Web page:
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Removals and storage in Shaftesbury, Dorset

Pitmans offer house removals and commercial removals in Shaftesbury, Dorset, with specialist packing services for antiques and fine art. Whether it’s a full house move or a single item, within the UK or across Europe, we offer a professional, safe and friendly service with full insurance, giving you peace of mind throughout the process.

Shaftesbury: A potted history

Shaftesbury is a town and civil parish on the A30, 20 miles west of Salisbury, near to the border with Wiltshire. It is the only significant hilltop settlement in Dorset, being built about 215 metres above sea level on a greensand hill on the edge of Cranborne Chase.

The town looks over the Blackmore Vale, part of the River Stour basin. From different viewpoints, it is possible to see at least as far as Glastonbury Tor to the northwest.

Shaftesbury is the site of the former Shaftesbury Abbey, which was founded in 888 by King Alfred and became one of the richest religious establishments in the country, before being destroyed in the Dissolution in 1539. Adjacent to the abbey site is Gold Hill, the steep cobbled street made famous in the 1970s as the setting for Ridley Scott’s television advertisement for Hovis bread.

In the 2011 census the town’s civil parish had a population of 7,314.

Writing of Shaftesbury in 1906 in his book Highways & Byways in Dorset, Sir Frederick Treves referred to several different names for the town:

The city has had many names. It was, in the beginning, Caer Palladour. By the time of the Domesday Book it was Sceptesberie. It then, with all the affectation of a lady in an 18th-century lyric, called itself Sophonia. Lastly it became Shaston, and so the people call it to this day, while all the milestones around concern themselves only with recording the distances to “Shaston”.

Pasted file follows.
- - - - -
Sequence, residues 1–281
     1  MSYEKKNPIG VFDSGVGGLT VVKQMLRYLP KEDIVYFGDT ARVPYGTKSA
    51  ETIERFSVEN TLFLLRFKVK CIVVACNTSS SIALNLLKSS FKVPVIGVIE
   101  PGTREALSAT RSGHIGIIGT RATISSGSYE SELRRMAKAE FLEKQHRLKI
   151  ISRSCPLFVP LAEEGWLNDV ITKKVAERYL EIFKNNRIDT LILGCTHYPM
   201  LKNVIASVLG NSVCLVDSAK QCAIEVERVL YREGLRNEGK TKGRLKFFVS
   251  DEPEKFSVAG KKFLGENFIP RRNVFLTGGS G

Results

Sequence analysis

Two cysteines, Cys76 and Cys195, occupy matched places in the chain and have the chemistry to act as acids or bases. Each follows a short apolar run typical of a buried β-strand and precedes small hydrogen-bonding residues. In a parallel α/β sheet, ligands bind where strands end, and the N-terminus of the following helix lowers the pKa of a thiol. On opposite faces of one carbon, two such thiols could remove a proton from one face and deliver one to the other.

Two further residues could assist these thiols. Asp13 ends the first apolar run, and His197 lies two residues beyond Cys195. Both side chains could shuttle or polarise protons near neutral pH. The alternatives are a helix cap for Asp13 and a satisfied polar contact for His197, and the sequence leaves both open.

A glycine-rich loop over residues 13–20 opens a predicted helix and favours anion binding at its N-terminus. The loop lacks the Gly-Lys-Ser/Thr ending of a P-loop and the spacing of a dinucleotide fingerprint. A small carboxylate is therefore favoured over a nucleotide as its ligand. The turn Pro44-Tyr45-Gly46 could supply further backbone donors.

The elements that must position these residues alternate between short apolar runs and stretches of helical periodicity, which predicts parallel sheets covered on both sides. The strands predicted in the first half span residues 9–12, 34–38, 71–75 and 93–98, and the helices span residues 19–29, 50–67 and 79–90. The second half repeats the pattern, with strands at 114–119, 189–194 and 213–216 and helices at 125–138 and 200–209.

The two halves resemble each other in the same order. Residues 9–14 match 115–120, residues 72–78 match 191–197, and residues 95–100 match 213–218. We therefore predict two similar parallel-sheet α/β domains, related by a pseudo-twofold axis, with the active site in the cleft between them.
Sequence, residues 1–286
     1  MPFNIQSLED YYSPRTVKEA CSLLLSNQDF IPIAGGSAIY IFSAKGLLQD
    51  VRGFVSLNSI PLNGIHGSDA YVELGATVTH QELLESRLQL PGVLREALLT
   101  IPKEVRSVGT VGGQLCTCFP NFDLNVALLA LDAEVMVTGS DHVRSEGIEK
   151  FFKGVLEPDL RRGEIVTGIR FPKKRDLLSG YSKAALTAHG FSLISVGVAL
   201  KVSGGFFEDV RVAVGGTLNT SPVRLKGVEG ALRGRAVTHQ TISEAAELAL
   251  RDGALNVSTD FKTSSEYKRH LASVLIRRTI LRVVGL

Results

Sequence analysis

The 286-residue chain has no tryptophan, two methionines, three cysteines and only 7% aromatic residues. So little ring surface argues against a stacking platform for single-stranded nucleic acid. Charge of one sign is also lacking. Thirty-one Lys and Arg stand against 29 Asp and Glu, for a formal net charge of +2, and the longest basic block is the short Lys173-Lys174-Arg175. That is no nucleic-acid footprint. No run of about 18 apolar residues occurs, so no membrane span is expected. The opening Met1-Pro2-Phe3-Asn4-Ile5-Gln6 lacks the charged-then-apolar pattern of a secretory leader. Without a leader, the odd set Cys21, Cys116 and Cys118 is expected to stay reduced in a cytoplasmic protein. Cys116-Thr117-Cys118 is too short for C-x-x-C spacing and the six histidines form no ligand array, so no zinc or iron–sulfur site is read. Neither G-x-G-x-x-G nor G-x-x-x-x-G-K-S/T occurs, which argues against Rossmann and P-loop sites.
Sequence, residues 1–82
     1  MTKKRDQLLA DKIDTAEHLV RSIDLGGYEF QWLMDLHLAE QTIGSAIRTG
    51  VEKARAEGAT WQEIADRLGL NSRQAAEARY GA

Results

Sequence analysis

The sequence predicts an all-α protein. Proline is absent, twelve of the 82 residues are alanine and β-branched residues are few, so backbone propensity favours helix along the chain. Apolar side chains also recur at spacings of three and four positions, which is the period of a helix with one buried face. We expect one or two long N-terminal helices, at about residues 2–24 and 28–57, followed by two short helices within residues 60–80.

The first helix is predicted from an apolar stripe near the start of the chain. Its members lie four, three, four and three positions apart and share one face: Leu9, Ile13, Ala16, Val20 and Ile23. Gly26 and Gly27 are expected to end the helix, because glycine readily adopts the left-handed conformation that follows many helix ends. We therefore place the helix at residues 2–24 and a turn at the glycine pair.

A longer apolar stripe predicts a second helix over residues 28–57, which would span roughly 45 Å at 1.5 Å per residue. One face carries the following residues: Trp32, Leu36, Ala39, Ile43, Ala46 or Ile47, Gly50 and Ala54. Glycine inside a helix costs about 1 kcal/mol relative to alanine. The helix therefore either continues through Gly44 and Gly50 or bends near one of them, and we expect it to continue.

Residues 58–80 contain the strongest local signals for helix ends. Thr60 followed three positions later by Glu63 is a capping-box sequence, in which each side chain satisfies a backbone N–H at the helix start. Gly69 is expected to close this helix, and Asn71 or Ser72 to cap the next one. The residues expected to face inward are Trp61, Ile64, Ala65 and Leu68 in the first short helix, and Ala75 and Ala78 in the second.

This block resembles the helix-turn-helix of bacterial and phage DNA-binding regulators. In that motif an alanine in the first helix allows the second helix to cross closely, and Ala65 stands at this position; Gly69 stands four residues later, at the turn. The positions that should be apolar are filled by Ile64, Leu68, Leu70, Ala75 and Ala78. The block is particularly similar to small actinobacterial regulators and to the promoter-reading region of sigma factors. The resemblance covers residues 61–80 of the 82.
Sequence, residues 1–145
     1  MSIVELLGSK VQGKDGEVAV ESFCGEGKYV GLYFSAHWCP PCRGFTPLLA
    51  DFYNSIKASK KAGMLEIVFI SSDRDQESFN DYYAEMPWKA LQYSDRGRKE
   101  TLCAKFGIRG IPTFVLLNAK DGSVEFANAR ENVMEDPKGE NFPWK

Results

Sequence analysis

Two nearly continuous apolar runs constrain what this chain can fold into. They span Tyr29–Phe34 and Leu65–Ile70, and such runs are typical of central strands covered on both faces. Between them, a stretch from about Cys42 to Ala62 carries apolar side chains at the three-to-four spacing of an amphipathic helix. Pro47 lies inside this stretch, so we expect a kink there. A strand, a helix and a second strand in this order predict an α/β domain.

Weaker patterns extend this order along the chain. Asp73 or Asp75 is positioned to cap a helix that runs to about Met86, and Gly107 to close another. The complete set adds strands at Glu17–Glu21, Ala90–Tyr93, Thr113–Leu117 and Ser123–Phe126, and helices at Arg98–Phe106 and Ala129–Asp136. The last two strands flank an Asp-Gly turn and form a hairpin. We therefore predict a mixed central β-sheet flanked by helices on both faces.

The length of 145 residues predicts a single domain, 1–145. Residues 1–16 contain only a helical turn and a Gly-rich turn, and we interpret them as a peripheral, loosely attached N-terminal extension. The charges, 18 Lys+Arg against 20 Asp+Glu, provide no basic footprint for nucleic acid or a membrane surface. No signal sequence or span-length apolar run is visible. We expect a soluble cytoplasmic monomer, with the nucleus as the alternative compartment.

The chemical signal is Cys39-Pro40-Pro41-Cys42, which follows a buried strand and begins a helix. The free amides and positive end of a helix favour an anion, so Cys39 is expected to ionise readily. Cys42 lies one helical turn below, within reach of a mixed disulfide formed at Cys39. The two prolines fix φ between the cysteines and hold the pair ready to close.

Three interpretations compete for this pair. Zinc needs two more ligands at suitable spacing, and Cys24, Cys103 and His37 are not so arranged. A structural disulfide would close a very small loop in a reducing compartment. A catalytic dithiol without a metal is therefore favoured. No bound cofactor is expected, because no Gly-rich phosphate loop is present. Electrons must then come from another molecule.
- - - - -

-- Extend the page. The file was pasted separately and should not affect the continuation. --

Some of these names may have been used more than others. The town was recorded in the Domesday Book as Sceptesberie, and the use of Shaston was recorded in 1831 in Samuel Lewis’s A Topographical Dictionary of England and in 1840 in The parliamentary gazetteer of England and Wales. Thomas Hardy used both Shaston and Palladour to refer to the town in the fictional Wessex of his novels such as Jude the Obscure (“Caer Palladour” in the Brythonic language is “Caer Vynnydd y Paladr” or “The Hillfort of the Spears”), though the general use of “Palladour” was described by one 19th-century directory as “mere invention”.

In 888 Alfred founded Shaftesbury Abbey, a Benedictine nunnery by the town’s east gate, and appointed his daughter Ethelgifu as the first abbess. Athelstan founded two royal mints, which struck pennies bearing the town’s name, and the abbey became the wealthiest Benedictine nunnery in England. On 20 February 981 the relics of St Edward the Martyr, the teenage King of England, were transferred from Wareham and received at the abbey with great ceremony, thereafter turning Shaftesbury into a major site of pilgrimage for miracles of healing.

King Canute died here in 1035, though he was buried at Winchester. Edward the Confessor licensed a third mint for the town. By the time of the Norman conquest in 1066 Shaftesbury had 257 houses, though many were destroyed in the ensuing years of conflict, and by the time the Domesday Book was compiled 20 years later, there were only 177 houses remaining, though this still meant that Shaftesbury was the largest town in Dorset at that time. Around this time the town’s ownership was equally shared between king and abbey. In the first English civil war (1135-1154) between Empress Matilda and King Stephen, an adulterine castle or fortified house was built on a small promontory at the western edge of the hill on which the old town was built. The site on Castle Hill, also known locally as Boltbury, is now under grass and is a scheduled monument.